Dividends versus Interest

It must be understood by investors that not all yield is equal.  We have heard the market pundits talk repeatedly over the past several years about dividend investing—buy those stocks with a good dividend yield and generate some income for your portfolio.  Yet the reality is that dividends are not contractual and can be cut or eliminated at any point.  And when they are cut, the equity holder most often not only sees the loss of income from the dividend, but the price of their stock also goes down due to investor concerns or people just fleeing the name because they were merely investing for the dividend yield and without that, there is no reason to hold the stock.

But bonds are different.  Bond interest payments are contractual obligations, meaning that the only way for a company to stop paying their bond interest is to effectively declare a default and usually a bankruptcy or reorganization ensues.  And for a company that has bonds and a dividend paying stock, when management cuts or eliminates that dividend, it is an advantage to us bondholders as it means less cash flow is leaking out of the company to subordinate stakeholders and management often reapplies that cash flow for debt reduction and/or liquidity enhancement.  The equity holders’ loss of a dividend is our gain.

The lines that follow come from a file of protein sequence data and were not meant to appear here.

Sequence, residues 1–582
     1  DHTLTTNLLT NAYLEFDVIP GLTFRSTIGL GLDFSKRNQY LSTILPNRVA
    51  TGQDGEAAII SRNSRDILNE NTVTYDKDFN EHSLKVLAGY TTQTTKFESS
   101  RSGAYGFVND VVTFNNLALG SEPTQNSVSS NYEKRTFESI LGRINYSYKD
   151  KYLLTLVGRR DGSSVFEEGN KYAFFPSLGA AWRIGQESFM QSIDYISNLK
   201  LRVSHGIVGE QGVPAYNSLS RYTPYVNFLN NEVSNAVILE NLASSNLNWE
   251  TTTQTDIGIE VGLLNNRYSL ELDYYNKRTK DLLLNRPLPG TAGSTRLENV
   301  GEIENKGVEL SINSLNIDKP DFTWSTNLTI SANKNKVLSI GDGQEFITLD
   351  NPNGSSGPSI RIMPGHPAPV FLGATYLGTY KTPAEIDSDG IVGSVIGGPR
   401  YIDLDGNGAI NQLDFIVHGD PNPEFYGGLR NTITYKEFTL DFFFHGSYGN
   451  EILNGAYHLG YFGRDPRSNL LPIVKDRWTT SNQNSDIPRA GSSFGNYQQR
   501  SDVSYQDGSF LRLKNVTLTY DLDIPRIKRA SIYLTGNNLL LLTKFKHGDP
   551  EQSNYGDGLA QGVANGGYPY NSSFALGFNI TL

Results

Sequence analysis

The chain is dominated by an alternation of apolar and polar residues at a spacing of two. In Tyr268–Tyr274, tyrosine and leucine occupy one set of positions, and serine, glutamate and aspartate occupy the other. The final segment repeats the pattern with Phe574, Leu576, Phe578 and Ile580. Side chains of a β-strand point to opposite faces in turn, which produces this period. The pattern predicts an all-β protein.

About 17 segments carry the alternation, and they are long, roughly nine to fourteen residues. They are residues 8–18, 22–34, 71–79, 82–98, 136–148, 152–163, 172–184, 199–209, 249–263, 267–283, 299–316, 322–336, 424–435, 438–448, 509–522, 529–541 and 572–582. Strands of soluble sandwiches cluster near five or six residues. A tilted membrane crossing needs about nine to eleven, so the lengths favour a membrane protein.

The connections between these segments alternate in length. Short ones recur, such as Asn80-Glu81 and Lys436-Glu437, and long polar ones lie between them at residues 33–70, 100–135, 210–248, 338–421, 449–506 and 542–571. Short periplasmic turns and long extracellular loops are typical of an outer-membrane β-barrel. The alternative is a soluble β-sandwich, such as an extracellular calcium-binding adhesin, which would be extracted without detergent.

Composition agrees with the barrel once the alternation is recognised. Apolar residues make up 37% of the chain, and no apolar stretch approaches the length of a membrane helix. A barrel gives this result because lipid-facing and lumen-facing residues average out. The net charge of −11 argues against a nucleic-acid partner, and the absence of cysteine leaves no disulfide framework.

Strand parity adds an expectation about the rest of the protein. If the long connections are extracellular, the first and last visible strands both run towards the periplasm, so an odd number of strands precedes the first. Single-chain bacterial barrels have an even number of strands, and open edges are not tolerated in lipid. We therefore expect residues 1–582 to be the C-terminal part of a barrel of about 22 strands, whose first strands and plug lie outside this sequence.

So it seems that for those investors looking for true, sustainable yield, you need to turn to corporate bonds.

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